“Prayer Does Not Divide But Unites”

Earlier this month, a youth gathering was held in Assisi to commemorate the 20th anniversary of the interfaith Day of Prayer for Peace, held at the invitation of Pope John Paul II as part of the International Year of Peace in 1986. About 100 youth attended this year”s event, half Christians and half from other religious groups, including Hindu, Taoist, Buddhist, Jain, Jewish, Muslim, Zoroastrian, Sikh, Bahai, Tenrikyo and Brahma Kumari.

Together, the attendees released a message: “From Youth, to Youth,” saying “We encountered one another with honesty and sincerity to build up the bonds of fraternity that unite us all as brothers and sisters in our humanity, fashioned by and in God. From our commonly held desires for happiness, justice and truth, we entered into genuine dialogue. ”

“We young people represent a new generation and a new hope. We resolve to return to our families and communities, to be advocates for interreligious and intercultural understanding and respect. We accept the responsibility of continuing the dialogue begun here in Assisi and we fully commit ourselves to working for justice and to be instruments of peace in our homelands and in every corner of the earth.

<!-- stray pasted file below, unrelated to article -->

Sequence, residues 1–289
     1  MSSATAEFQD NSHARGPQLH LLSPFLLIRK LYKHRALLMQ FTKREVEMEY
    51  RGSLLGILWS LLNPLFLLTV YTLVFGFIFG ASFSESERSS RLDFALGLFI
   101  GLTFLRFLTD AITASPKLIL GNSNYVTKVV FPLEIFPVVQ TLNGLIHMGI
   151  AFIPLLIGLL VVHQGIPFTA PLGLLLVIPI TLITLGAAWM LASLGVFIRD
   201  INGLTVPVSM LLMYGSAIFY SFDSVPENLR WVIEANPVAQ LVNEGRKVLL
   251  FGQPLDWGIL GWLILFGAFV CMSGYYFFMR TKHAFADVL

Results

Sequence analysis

“As we look to the future, we are greeted with starkly contrasting visions: a future of religious conflict and violence and a future where our religious faith enables us to discover what we share at our deepest level as members of the human family. May we all seek the prayer that “does not divide but unites.”

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About D Andrew Kille

Editor of the Bible Workbench
This entry was posted in Baha'i, Buddhism, Christianity, Hinduism, International, Islam, Jainism, Judaism, Roman Catholicism, Sikhism, Taoism. Bookmark the permalink.

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